(d) in 2009, [Mitra] purchased his own farmland in the same barangay but continued
the lease involving the Maligaya Feedmill, the contract of which was even renewed
until February 2010; and

(e) [Mitra] caused the construction of a house in the purchased lot which has been
[39]
recently completed.

http://sc.judiciary.gov.ph/jurisprudence/2010/july2010/191938.htm 12/09/2018, 6@20 PM


Page 9 of 36
The Petition

Mitra supports his petition with the following ARGUMENTS:

6.1 x x x COMELECs GRAVE ABUSE is most patent as IT forgets, wittingly or


unwittingly that the solitary GROUND to deny due course to a COC is the
DELIBERATE false material representation to DECEIVE, and not the issue of the
candidates eligibility which should be resolved in an appropriate QUO WARRANTO
[40]
proceedings post election.

6.2 Deny Due Course Petitions under Section 78 of the OEC, being SUMMARILY
decided and resolved, the same must be exercised most sparingly, with utmost care and
extreme caution; and construed most strictly against the proponent/s, and liberally in
favor of the candidate sought to be eliminated. When exercised otherwise and with
apparent biased in favor of the proponents, as in this instance, GRAVE ABUSE OF
[41]
DISCRETION necessarily sets in.

6.3 The mandate to be extremely cautious and careful in the SUMMARY exercise of
the awesome power to simplistically cancel [ones] candidacy x x x is further made
manifest by the availability of a QUO WARRANTO proceeding appropriately
[42]
prosecuted post election.

6.4 Absent any formal HEARINGS and Presentation of Evidence; Lacking the actual
inspection and verification; and without actual confrontation of affiants/alleged
witnesses ALL the conclusions of COMELEC on the RESIDENCE issue, were indeed
[43]
predicted (sic) on sheer SPECULATION[.]

6.5 A grievous procedural flaw, FATAL in character. THE BURDEN OF PROOF


MUST ALWAYS BE PLACED ON THE SHOULDERS OF THE PROPONENT/s.
Not so in the present controversy, where COMELECs assailed decision/s were devoted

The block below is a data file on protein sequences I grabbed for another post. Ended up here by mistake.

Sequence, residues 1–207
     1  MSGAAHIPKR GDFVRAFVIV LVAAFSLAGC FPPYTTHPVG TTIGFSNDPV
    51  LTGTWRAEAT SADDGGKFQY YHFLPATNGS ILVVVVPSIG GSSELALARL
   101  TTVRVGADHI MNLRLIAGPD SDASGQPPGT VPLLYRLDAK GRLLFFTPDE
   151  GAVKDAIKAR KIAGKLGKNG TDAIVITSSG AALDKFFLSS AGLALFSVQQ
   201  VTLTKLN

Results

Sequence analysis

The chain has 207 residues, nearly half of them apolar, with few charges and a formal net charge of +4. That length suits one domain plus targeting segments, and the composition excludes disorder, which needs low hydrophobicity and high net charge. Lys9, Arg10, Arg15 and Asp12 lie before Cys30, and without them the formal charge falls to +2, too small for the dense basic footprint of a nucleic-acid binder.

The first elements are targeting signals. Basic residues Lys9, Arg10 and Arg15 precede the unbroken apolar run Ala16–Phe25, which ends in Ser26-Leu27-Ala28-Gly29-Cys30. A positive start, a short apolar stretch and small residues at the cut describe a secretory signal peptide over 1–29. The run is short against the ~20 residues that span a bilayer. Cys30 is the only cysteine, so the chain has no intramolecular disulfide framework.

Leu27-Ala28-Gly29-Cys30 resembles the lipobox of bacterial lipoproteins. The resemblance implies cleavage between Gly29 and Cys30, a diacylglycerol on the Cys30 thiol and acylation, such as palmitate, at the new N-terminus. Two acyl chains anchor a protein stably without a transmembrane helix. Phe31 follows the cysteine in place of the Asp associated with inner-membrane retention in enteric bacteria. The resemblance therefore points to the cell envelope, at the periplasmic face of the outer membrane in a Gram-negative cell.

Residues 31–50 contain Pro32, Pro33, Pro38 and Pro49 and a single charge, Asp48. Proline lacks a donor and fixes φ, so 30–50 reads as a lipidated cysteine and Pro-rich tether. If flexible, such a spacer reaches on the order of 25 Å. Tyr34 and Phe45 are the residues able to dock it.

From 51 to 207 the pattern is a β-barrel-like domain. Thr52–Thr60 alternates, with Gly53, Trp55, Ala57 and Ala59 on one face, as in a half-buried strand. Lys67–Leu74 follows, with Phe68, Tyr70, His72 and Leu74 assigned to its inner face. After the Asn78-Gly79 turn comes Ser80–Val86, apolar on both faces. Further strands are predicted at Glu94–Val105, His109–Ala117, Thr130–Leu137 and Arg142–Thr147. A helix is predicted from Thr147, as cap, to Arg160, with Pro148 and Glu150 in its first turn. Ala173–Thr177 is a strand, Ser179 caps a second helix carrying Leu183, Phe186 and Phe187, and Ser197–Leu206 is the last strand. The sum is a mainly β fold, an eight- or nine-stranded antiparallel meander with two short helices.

exclusively to the alleged weakness of MITRAs submissions and COMELECs
speculative conclusions, rather than on the strength of proponents unverified and
unconfirmed submissions and unconfronted sworn statements of supposed affiants[.]
[44]

http://sc.judiciary.gov.ph/jurisprudence/2010/july2010/191938.htm 12/09/2018, 6@20 PM


Page 10 of 36
The petition also asks for ancillary injunctive relief. We granted the application for
injunctive relief by issuing a status quo ante order, allowing Mitra to be voted upon in
[45]
the May 10, 2010 elections.

[46]
The respondents Comment states the following counter-arguments:

a. Procedural Arguments:
II. THE INSTANT PETITION FAILED TO ATTACH CERTIFIED TRUE COPIES OF
THE MATERIAL PORTIONS OF THE RECORDS REFERRED TO THEREIN IN
GROSS CONTRAVENTION OF SECTION 5 OF RULE 64 OF THE RULES OF
COURT. CONSEQUENTLY, IT MUST BE DISMISSED OUTRIGHT.

III. THE INSTANT PETITION RAISES MERE ERRORS OF JUDGMENT, WHICH


ARE OUTSIDE THIS HONORABLE COURTS CERTIORARI JURISDICTION.

b. Arguments on the Merits

I. XXX

B. THE LAW, IN IMPOSING A RESIDENCY REQUIREMENT, MANDATES NOT


ONLY FAMILIARITY WITH THE NEEDS AND CONDITIONS OF THE
LOCALITY, BUT ALSO ACTUAL PHYSICAL, PERSONAL AND
PERMANENT RESIDENCE THEREIN. PETITIONERS SUPPOSED
FAMILIARITY WITH THE NEEDS, DIFFICULTIES, ASPIRATIONS,
POTENTIALS (SIC) FOR GROWTH AND ALL MATTERS VITAL TO THE
WELFARE OF HIS CONSTITUENCY WHICH CONSTITUTES ONE/THIRD
OF THE WHOLE PROVINCE OF PALAWAN AS A THREE-TERM
CONGRESSMAN ABSENT SUCH RESIDENCE DOES NOT SUFFICE TO
MEET THE RESIDENCY REQUIREMENT OF THE LAW.

IV. FINDINGS OF FACTS OF ADMINISTRATIVE BODIES SUCH AS THE


COMELEC, ARE ACCORDED GREAT RESPECT, IF NOT FINALITY BY THE
COURTS, ESPECIALLY IF SUPPORTED BY SUBSTANTIAL EVIDENCE.
BECAUSE THE FINDINGS OF FACTS OF THE COMELEC IN THE INSTANT
CASE ARE OVERWHELMINGLY SUPPORTED BY SUBSTANTIAL EVIDENCE,

http://sc.judiciary.gov.ph/jurisprudence/2010/july2010/191938.htm 12/09/2018, 6@20 PM


Page 11 of 36
THIS HONORABLE COURT MAY NOT REVERSE SUCH FINDINGS.

V. THE COMELEC DID NOT COMMIT ANY GRAVE ABUSE OF DISCRETION


AMOUNTING TO LACK OR EXCESS OF JURISDICTION IN ISSUING THE
ASSAILED RESOLUTION DATED 04 MAY 2010.

A. THE COMELEC CORRECTLY RULED THAT PETITIONERS REGISTRATION


AS A VOTER IN ABORLAN, PALAWAN IS NOT SUFFICIENT EVIDENCE
THAT HE HAS SUCCESSFULLY ABANDONED HIS DOMICILE OF ORIGIN
AT PUERTO PRINCESA CITY, PALAWAN.

B. THE COMELEC CORRECTLY RULED THAT PETITIONERS MERE INTENT


TO TRANSFER RESIDENCE TO ABORLAN, PALAWAN, ABSENT ACTUAL,
FACTUAL, AND BONA FIDE RESIDENCE THEREIN DOES NOT SUFFICE
TO PROVE HIS TRANSFER OF RESIDENCE FROM PUERTO PRINCESA,
PALAWAN TO ABORLAN, PALAWAN.

C. THE COMELEC THOROUGHLY EVALUATED THE EVIDENCE, AND


CORRECTLY ARRIVED AT THE ASSAILED DECISION ONLY AFTER
MUCH DELIBERATION AND CAREFUL ASSESSMENT OF THE EVIDENCE,
ALBEIT THROUGH SUMMARY PROCEEDINGS PARTICIPATED IN
ACTIVELY BY PETITIONER. THE COMELEC CORRECTLY DID NOT GIVE